Late last year one of those underhanded aldermen, Willie Cochran, was indicted for a series of alleged financial crimes, including stealing from his ward’s charity. Part of Cochran’s ward covers the notorious Englewood neighborhood on the South Side, one of the most violent parts of “Chiraq.” And by violence of course I mean street gang violence.

Okay, I’m not an attorney, but Chicago Magazine provided us a list of names that at the very least makes them, in my opinion, persons of interest.

Jesse Jackson in Chicago in 2012

Roughly once every 18 months a member of Chicago’s City Council is sentenced to prison, the most recent of which was Ald. Sandi Jackson (7th). Her father-in-law is the Rev. Jesse Jackson, whose half-brother, Noah Robinson, enjoyed long time connections to the El Rukn gang, which, under a different name, remains one of Chicago’s largest and most vicious street gangs. Robinson is serving a life sentence for narcotics crimes, racketeering, and murder-for-hire.

As for Jesse Jackson, in 1984, during his first campaign for the presidency, he publicly lauded the El Rukns for their efforts in voter registration. The year prior the Cook County Regular Democratic Organization paid the gang over $10,000 to work as poll watchers for the failed campaign of incumbent Chicago mayor Jane Bryne. At that time the party was led by Edward “Fast Eddie” Vrdolyak, then the 10th Ward alderman, who–this will sound familiar–was indicted late last year. Now a Republican, Vrdolyak is already an ex-con.

Shameful.

What can the Chicago Police do about gangs and their politician pals?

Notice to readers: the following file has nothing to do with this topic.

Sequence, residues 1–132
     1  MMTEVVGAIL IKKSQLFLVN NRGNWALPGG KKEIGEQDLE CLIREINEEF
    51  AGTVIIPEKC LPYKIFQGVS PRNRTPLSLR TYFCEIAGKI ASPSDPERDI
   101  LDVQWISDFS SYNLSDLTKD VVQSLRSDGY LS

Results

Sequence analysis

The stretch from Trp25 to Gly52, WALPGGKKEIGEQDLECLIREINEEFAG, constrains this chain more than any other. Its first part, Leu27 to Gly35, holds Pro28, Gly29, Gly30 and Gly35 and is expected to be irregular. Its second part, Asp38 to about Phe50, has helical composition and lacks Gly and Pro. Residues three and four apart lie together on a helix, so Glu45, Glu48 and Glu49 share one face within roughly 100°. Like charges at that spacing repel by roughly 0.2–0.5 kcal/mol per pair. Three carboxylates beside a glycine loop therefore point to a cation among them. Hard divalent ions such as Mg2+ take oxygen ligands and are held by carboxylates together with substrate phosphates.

According to that Chicago Magazine article, not a heck of a lot.

Two police sources—a former gang investigator and a veteran detective—bluntly acknowledge that even if the police know of dubious dealings between an alderman and a gang leader or drug dealer, there is little, if anything, they can do, thanks to what they say is the department’s unofficial rule: Stay away from public officials. “We can’t arrest aldermen,” says the gang investigator, “unless they’re doing something obvious to endanger someone. We’re told to stand down.” The detective concurs: “It’s the unwritten rule. There’s a two-tier justice system here.”

That paragraph alone explains why Trump’s “feds,” or perhaps different feds, are needed in America’s third-largest city.

And the criminality apparently goes past shootings, as Chicago Magazine again tells us.

Beyond providing protection from police—the gangs’ number one request—public officials can help in other ways. Gang leaders, particularly the most powerful, are usually looking to build on the riches they already have. Knowing an alderman or a state legislator—or even a congressman—can help. Traditionally, aldermen have almost total say over what gets built and what sorts of businesses open in their wards. They also have considerable sway over city contracts, which can mean tens of thousands to millions of dollars for gang-owned businesses.

Chicago needs Trump’s feds.

John “Lee” Ruberry of the Magnificent Seven

Or maybe the president only needs to send an accountant. It was a member of that profession, Frank J. Wilson of the US Treasury Department, who put together the evidence to convict Al Capone of tax evasion.

John Ruberry, a fifth-generation Chicago area resident, regularly blogs at Marathon Pundit.